Laura Sharman 29 January 2019

Cuts to council tax support have created ‘sizeable’ increase in arrears

Cuts to council tax support have created ‘sizeable’ increase in arrears image

Cuts to council tax support (CTS) have led to a surge in unpaid tax, new research from the Institute for Fiscal Studies has revealed.

In a new report, the IFS found most local authorities have chosen to implement CTS schemes that are less generous that the council tax benefit they were replacing.

This includes the introduction of minimum council tax payments, with almost a quarter of council requiring a 20% minimum payment in 2018–19.

It found more deprived and Labour councils were more likely to introduce minimum payments as they had received larger cuts to CTS funding from the Government.

However, it estimates that around a quarter of the extra council tax now owed by low-income households has not been collected in the year it is due – a figure that is ten times higher than the typical rate of council tax non-collection.

The report states: ‘These difficulties in collecting the extra tax appear to be long-lasting: we estimate that councils failed to collect a quarter of the additional liabilities created by minimum payments in 2017–18 even when the minimum payment had been in place since 2013–14.’

Council leaders said CTS schemes were no longer fully funded by the Government with almost £2bn removed between 2013 and 2020.

'No one wants to ask those on the lowest incomes to pay more but this has put councils in an impossible position,' said Cllr Richard Watts, chair of the Local Government Association’s Resources Board.

He added: 'Councils have worked hard to try and protect discounts as much as possible but the Spending Review needs to ensure councils have the full amount of funding required to provide council tax support to those who need it. Otherwise, it is almost inevitable that bills will continue to be forced up for those who can least afford to pay.'

In competition with the PWLB image

In competition with the PWLB

Christian Wall considers what alternative funding channels are available to local authorities beyond the Public Works Loan Board.
Avoiding the precipice image

Avoiding the precipice

As councils seek ways to meet the funding gap, Martin Reeves and Rob Whiteman look at the implications for the future of public services and how we need a mature debate on prevention, accountability and joined up services.
Highways jobs

Civil Enforcement Officer

Chelmsford City Council
Grade 4 - Starting at £20,415 per annum and rising to £21,777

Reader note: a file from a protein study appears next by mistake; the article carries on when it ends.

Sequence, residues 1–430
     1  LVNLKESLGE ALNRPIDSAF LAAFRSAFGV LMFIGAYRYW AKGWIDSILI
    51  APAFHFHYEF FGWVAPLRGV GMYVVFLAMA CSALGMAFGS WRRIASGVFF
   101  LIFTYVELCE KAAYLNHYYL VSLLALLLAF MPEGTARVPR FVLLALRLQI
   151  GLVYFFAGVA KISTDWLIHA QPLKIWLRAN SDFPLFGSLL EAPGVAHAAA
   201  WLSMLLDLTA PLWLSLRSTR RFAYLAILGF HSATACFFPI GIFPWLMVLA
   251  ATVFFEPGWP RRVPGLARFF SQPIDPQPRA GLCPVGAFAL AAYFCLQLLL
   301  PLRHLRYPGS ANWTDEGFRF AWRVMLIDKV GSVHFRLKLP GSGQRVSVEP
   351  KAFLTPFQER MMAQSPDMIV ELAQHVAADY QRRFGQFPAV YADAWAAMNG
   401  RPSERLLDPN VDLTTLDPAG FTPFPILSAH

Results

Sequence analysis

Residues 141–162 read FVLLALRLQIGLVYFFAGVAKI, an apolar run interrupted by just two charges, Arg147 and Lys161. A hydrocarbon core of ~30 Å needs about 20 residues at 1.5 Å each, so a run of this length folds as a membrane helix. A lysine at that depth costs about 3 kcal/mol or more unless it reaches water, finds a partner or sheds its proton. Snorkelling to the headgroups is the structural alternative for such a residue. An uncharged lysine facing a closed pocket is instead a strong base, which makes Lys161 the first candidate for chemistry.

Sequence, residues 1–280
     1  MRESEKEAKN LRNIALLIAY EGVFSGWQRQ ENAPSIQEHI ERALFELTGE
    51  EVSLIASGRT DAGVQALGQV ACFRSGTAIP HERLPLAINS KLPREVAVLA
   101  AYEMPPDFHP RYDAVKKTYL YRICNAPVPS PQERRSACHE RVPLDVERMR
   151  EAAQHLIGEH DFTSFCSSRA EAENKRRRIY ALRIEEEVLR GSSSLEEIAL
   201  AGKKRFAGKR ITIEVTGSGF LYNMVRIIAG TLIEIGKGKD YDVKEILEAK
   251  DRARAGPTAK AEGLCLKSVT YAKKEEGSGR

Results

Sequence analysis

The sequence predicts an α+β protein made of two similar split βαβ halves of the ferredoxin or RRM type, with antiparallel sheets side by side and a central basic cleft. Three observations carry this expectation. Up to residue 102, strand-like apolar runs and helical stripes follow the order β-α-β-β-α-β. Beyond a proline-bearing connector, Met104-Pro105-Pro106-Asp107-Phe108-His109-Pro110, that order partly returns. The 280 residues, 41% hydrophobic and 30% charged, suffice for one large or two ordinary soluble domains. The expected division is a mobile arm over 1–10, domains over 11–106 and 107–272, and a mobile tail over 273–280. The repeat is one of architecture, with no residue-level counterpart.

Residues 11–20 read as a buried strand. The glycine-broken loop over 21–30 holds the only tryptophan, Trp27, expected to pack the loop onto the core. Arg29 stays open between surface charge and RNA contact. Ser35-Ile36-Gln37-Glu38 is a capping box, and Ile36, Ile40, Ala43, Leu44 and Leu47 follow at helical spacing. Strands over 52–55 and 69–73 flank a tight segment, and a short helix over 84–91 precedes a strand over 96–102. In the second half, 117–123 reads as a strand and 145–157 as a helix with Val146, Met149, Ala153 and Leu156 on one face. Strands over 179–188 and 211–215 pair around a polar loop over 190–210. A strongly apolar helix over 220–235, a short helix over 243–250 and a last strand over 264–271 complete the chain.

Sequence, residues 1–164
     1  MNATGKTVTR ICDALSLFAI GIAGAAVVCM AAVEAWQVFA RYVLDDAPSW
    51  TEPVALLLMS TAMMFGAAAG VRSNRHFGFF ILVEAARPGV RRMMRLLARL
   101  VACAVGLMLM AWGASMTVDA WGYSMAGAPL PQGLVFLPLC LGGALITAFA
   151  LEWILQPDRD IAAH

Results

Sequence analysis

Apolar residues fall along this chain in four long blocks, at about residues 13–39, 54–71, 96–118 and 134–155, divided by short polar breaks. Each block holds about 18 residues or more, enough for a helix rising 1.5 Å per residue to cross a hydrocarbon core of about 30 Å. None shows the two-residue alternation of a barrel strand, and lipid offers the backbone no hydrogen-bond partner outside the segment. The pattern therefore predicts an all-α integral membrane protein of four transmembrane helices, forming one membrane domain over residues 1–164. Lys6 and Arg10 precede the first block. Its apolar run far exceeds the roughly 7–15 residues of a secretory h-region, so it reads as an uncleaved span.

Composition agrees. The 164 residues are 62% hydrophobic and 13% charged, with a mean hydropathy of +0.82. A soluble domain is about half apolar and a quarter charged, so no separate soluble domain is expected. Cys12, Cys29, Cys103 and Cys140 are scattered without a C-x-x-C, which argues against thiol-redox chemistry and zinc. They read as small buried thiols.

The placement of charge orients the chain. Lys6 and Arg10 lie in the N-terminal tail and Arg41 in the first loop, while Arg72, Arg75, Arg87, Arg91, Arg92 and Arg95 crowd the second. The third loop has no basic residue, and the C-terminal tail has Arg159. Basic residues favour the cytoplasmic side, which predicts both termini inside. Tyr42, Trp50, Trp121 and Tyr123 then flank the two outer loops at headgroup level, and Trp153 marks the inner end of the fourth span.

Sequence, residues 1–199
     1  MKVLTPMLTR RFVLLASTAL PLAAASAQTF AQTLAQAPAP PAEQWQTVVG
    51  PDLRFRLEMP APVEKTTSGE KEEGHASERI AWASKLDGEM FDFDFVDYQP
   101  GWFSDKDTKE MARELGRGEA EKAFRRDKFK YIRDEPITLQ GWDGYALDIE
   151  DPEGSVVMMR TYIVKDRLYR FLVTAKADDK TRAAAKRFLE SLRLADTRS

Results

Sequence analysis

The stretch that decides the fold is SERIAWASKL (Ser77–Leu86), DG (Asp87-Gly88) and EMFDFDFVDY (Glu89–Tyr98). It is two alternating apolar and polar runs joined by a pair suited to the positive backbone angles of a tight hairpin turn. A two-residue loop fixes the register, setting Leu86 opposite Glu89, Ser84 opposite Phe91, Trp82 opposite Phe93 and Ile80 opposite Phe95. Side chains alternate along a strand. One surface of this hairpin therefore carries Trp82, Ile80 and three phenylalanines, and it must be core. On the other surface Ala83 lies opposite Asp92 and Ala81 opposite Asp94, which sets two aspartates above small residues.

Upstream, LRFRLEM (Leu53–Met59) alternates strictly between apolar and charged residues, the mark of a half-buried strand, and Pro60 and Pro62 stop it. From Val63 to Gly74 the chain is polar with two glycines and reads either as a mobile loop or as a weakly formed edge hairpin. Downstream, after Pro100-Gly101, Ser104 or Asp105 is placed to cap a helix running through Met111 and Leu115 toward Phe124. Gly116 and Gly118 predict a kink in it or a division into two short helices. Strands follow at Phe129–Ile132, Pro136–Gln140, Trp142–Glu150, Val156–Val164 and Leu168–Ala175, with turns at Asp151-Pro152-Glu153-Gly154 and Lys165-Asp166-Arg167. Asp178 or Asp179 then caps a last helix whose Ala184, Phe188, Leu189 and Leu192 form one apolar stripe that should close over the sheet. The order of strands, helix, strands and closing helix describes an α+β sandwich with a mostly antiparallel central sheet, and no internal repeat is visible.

This role will require you to assist with the safe and free flow of traffic by patrolling on foot and / or mobile controlled parking areas and issu... Chelmsford, Essex
Recuriter: Chelmsford City Council

Administrative Support Officer - Conservative Group

Brent Council
£29,241 - £30,711 (pro rata)
This post will provide efficient, effective and flexible support to members of the Conservative Opposition Group... Brentford (City/Town), London (Greater)
Recuriter: Brent Council

Chair

Cornwall Investment Delivery Company
Remuneration commensurate with the challenge
We are looking for a Chair to establish the new company, oversee the development of its strategy. Truro, Cornwall
Recuriter: Cornwall Investment Delivery Company

Managing Director

Cornwall Investment Delivery Company
Remuneration commensurate with the challenge
Looking for someone with a strong development background, real commercial credentials. Truro, Cornwall
Recuriter: Cornwall Investment Delivery Company

Non-Executive Directors

Cornwall Investment Delivery Company
Remuneration commensurate with the challenge
Looking for Non-Executive Directors who will bring their commercial experience and skills to this new company’s dynamic. Truro, Cornwall
Recuriter: Cornwall Investment Delivery Company

Local Government News

Latest issue - Local Goverrnemnt News

The December issue of Local Government News looks at the consequences a council may face if it is unable to provide statutory services, the launch of Liverpool’s housing company and how councils can best manage roles in local authority companies.

It also has a special section on green building and energy efficiency including what funding is available to enable councils to deliver heat networks and how councils can pay for ‘smart buildings’.

Register for your free magazine